State Roundup: Baltimore Police admit failures in mass shooting; group warns of pollution at Md. beaches; court upholds MoCo gun law

State Roundup: Baltimore Police admit failures in mass shooting; group warns of pollution at Md. beaches; court upholds MoCo gun law

Police cordon off a large area of the Brooklyn Homes neighborhod after the July 2 shooting there. Baltimore Police photo

B’MORE POLICE ADMIT FAILURES IN MASS SHOOTING TO CITY COUNCIL: Facing an angry Baltimore City Council demanding answers about how an annual community festival devolved into one of the city’s largest mass shootings, Baltimore Police leaders acknowledged their failure Thursday to learn of the event in advance and further admitted responsibility for failing to mobilize additional resources once the party was discovered. The July 2 shooting left two dead and 28 injured. Emily Opilo/The Baltimore Sun

  • The Baltimore City Council seized its first opportunity to grill Acting Police Commissioner Richard Worley at a marathon hearing Thursday night, demanding accountability and change from the top cop who still needs their approval to permanently enter the office. Emily Sullivan/Baltimore Banner

GROUP WARNS ABOUT POLLUTION OF MD. BEACHES: With hot summer weather now baked in for at least the next several weeks, an environmental group is offering a word of caution to all Marylanders who will seek relief on local beaches: Last year, 41 Maryland beaches were found to be potentially unsafe for swimming on at least one day of testing. John Kurtz/Maryland Matters

COURT UPHOLDS MONTGOMERY CO. GUN LAW: The Montgomery County District Court announced July 6 that they rejected a challenge to Bill 21-22, a county law signed in November that prohibits carrying firearms within 100 yards of places of public assembly, including a park, church, school and public buildings, according to a press release. Maryland Shall Issue President Mark Pennak said that through this case, the county “extinguished” the right to carry a firearm, which greatly affected gun owners. Courtney Cohn/MontCo360

ATLANTIC LEAGUE FOUNDER WILL BRING NEW BASEBALL TEAM TO HAGERSTOWN: Frank Boulton is a major player in America’s independent baseball leagues. He recently partnered with Howard “Blackie” Bowen, his former college roommate, and others to create a new independent league baseball team for Hagerstown, which lost its old team in 2021. Sununu Bah/Capital News Service/Maryland Reporter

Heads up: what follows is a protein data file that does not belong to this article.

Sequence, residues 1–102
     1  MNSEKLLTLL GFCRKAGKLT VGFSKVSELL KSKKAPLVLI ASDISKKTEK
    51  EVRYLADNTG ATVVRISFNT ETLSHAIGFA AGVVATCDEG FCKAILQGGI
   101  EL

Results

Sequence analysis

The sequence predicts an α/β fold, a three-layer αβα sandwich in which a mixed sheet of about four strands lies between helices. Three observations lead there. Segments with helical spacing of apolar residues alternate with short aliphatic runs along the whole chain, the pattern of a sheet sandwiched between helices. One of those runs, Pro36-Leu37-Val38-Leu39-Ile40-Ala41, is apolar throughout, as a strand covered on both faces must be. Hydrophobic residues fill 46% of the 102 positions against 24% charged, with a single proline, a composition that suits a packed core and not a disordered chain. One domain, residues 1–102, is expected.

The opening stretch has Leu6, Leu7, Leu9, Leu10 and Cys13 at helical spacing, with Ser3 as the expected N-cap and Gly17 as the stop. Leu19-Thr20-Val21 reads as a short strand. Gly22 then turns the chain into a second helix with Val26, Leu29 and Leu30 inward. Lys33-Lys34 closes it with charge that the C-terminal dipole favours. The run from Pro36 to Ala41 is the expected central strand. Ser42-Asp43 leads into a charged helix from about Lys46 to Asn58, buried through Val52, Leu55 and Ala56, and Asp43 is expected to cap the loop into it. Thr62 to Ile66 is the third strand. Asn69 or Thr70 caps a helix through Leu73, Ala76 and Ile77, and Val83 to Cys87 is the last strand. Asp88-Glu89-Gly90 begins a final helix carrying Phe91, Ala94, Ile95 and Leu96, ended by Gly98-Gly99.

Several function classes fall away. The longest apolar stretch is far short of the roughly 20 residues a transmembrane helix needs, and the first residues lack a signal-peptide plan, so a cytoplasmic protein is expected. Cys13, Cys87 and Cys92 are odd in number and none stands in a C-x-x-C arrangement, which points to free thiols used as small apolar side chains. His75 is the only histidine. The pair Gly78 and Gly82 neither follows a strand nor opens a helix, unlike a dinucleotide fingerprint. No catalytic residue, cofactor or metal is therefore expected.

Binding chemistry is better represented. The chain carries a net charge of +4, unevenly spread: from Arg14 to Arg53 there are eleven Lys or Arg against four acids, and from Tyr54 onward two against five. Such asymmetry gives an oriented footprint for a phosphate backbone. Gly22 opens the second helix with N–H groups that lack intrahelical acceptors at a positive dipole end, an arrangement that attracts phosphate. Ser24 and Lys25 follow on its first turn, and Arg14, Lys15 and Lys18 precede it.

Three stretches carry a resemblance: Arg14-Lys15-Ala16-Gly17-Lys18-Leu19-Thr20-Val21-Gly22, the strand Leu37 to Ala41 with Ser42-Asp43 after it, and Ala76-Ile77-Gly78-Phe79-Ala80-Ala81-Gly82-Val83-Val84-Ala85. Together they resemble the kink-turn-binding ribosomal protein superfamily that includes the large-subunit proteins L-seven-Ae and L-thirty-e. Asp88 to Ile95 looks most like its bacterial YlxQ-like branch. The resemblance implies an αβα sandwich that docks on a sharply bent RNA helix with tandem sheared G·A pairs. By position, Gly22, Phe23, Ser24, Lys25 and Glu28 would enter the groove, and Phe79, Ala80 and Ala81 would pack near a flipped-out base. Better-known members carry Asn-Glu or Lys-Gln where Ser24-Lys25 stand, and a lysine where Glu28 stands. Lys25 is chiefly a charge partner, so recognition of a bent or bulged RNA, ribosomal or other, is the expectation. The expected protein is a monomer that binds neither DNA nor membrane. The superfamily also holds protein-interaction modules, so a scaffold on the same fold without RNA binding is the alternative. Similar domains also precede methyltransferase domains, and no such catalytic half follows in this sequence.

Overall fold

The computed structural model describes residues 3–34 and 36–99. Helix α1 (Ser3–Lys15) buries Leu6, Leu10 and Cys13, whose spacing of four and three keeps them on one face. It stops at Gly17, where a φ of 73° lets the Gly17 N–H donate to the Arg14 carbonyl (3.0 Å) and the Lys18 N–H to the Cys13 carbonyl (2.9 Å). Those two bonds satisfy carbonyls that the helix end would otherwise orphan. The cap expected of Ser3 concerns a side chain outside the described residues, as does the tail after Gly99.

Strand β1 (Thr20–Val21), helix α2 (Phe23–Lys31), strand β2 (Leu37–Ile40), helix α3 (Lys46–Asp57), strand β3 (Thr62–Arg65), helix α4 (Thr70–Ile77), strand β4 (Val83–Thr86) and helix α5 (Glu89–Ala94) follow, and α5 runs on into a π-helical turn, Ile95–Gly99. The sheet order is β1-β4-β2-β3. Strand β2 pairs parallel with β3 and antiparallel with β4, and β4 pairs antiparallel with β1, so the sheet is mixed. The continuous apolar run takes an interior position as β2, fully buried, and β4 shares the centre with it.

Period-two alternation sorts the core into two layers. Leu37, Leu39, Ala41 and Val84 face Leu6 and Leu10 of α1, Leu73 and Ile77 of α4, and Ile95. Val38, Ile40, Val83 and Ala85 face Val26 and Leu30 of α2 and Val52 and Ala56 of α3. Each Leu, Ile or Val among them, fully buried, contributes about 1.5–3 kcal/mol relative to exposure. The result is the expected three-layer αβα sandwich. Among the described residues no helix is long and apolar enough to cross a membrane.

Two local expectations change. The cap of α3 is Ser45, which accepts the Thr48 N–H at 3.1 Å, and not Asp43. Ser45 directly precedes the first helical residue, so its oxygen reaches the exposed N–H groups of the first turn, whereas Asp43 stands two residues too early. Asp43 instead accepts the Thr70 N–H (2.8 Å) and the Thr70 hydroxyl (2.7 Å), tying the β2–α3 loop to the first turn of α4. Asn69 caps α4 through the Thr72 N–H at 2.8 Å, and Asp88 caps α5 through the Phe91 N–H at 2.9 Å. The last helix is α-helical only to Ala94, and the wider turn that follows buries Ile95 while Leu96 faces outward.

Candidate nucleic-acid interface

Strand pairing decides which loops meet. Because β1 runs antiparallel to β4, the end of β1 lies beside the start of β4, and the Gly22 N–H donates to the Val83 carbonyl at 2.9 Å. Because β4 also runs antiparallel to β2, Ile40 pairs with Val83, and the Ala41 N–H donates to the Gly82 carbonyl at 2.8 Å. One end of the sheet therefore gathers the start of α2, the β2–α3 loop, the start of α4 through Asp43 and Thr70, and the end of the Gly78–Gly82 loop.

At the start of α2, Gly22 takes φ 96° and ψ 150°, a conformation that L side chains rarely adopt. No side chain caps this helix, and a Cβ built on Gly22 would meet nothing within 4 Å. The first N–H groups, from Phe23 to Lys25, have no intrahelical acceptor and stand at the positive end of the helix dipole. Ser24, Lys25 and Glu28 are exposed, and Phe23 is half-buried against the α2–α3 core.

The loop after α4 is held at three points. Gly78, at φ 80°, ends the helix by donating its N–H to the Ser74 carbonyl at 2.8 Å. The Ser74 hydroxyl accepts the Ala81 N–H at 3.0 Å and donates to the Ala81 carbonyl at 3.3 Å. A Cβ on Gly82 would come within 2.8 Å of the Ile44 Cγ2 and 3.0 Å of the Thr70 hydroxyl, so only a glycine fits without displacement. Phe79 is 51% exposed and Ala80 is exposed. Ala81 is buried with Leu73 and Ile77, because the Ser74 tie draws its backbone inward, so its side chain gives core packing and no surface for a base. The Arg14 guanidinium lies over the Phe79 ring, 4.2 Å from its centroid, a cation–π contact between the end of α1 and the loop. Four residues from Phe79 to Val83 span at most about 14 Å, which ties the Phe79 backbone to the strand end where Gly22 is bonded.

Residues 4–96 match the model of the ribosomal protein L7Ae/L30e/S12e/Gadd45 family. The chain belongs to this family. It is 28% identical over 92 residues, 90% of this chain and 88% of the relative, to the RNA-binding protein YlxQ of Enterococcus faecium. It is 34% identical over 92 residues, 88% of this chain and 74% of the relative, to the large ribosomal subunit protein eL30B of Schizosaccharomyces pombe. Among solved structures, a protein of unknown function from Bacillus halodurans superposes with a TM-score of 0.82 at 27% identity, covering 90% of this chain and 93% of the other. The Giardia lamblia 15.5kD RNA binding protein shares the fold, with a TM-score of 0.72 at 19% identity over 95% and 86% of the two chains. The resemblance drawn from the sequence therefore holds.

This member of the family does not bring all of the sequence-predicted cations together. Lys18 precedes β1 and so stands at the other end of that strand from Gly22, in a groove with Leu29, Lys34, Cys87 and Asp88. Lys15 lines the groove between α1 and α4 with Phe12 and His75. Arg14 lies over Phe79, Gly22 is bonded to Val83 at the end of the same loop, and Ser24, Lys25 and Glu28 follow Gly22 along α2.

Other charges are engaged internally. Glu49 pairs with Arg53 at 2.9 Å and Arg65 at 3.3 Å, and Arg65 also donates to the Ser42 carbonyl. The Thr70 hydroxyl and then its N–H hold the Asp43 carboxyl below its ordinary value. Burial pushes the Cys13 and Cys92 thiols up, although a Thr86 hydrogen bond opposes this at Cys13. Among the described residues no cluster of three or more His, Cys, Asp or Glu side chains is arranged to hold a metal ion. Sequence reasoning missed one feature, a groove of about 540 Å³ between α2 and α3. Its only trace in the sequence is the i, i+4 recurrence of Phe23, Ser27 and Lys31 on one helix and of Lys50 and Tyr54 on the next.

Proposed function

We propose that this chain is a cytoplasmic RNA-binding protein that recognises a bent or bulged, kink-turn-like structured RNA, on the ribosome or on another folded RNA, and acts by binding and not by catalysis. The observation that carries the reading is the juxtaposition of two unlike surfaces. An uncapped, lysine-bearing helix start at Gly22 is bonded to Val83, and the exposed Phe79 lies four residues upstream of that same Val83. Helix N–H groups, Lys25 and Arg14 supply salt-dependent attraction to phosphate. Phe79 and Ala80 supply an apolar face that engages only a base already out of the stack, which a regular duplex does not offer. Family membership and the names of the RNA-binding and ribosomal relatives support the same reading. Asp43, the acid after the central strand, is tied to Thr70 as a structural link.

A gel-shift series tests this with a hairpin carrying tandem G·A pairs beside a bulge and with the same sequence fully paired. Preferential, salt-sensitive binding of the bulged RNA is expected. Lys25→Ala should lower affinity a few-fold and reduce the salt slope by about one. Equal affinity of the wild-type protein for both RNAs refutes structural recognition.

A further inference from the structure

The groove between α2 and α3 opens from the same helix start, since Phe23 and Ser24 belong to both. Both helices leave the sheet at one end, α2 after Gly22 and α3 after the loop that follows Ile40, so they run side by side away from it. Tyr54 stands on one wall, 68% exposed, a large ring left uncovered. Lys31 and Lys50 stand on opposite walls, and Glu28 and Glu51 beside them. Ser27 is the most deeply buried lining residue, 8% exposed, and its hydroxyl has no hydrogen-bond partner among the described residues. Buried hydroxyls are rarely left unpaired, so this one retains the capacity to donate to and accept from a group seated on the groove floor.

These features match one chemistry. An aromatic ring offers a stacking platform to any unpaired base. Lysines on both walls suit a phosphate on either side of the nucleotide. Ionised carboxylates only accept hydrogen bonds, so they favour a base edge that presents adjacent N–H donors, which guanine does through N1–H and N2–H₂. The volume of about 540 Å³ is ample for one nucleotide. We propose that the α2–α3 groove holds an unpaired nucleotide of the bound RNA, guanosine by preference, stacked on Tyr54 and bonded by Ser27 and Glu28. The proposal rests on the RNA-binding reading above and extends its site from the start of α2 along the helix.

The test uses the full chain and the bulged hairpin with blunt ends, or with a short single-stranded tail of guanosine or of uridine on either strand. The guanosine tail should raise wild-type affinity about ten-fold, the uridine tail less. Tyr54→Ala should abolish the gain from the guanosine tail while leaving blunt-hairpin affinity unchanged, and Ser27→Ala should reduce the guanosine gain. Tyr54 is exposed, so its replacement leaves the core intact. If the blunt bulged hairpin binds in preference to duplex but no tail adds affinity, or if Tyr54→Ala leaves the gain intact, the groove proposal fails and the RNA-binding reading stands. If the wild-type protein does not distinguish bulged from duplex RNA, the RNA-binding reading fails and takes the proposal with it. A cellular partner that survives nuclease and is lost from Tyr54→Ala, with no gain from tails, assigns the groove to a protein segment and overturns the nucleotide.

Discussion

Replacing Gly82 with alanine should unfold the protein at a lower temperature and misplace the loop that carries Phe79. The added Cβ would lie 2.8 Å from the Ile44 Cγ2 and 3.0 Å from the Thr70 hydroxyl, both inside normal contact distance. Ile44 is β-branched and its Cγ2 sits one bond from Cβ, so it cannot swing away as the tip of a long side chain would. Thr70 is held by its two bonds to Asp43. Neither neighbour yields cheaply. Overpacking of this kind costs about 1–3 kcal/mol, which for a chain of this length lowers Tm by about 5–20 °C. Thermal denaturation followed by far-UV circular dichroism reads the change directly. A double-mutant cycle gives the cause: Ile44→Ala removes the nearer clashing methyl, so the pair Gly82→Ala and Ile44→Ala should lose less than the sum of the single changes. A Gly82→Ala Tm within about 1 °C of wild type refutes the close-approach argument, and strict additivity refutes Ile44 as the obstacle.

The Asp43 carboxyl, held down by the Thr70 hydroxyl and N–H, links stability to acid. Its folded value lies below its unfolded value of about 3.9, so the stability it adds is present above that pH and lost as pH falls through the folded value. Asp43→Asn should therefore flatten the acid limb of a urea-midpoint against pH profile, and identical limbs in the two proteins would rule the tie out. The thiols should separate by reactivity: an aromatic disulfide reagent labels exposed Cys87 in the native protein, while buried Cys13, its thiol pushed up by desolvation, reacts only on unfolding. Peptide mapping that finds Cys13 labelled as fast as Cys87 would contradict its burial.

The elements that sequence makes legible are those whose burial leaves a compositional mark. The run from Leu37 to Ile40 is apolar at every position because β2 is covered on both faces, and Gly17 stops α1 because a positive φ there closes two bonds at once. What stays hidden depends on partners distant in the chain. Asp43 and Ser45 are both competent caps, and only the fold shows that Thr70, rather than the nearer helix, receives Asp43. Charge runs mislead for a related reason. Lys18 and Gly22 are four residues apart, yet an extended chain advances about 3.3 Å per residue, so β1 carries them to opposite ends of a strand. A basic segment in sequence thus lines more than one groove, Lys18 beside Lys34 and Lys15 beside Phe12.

OWNERS OF NEW BASEBALL TEAM HAVE DEEP ROOTS IN HAGERSTOWN: The ownership group of the new baseball team in Hagerstown aren’t baseball people. But they are Hagerstown people, and history has shown that local ownership can lead to sustained success for a minor league ball club. Sam Ostry and Jessie Schwartz/Capital News Service/Maryland Reporter

B’MORE CO. LEADERS SIGN BILL AFFECTING SECURITY SQUARE MALL REDEVELOPMENT: Baltimore County leaders gathered on Thursday to sign the West Baltimore County Authority bill into law. The bill, unanimously passed by the Baltimore County Council, allows the county to target areas for redevelopment in an approximately 13-mile area between Liberty Road and Route 40, surrounding Security Square Mall. Edward Calkins/WBFF (Fox)

FIVE WINNERS WILL OPEN DOWNTOWN BALTIMORE STORES: Five businesses will be opening in downtown Baltimore over the next six months with the help of a pioneering program that helps merchants get started in business while filling vacant downtown storefronts. Baltimore Mayor Brandon Scott and Downtown Partnership of Baltimore President Shelonda Stokes on Thursday announced the five groups that have been selected from 50 applicants to open brick and mortar locations downtown. Ed Gunts/Baltimore Fishbowl

COMMENTARY: MD. STILL REELING FROM 1998 DEATH OF COMPTROLLER LOUIS GOLDSTEIN: Maryland was about to settle into a nice, quiet Fourth of July weekend in 1998. And while among the chattering classes there was some anticipation for the candidate filing deadline to come on July 6, Maryland political leaders were settling in for a quiet weekend as well. What followed was anything but quiet or orderly. And it’s easy to see that the chaotic events of that oft-forgotten weekend and the days that followed are still reverberating in Maryland politics today. Josh Kurtz/Maryland Matters

COMMENTARY: STATE HAS PLAN, LEADERSHIP TO IMPROVE SCHOOLS: Lawmakers have passed sweeping educational reform legislation with a $ 4 billion investment in the Blueprint for Maryland’s Future. This comes as Maryland has seen student performance decline even further than pre-pandemic levels. Now, the state has seen the percentage of middle school students proficient in math fall to single digits in a significant number of counties. There is a lot of work to be done. Clarence C. Crawford/The Baltimore Banner

About The Author

Regina Holmes

Contributing editor Regina Holmes has worked as a journalist for over 30 years. She was an assistant business editor at the Miami Herald and an assistant city editor at Newsday in New York City, where she helped supervise coverage of 9/11, anthrax attacks and the August 2003 Northeast Blackout. As an assistant managing editor of the Baltimore Examiner, she helped launch the free tabloid in 2006. Before joining Maryland Reporter, she was the managing editor for Washington, D.C.-based Talk Media News, where she supervised digital, radio and video production of news reports for over 400 radio stations. The Baltimore native is a graduate of Vassar College and Columbia University Graduate School of Journalism.

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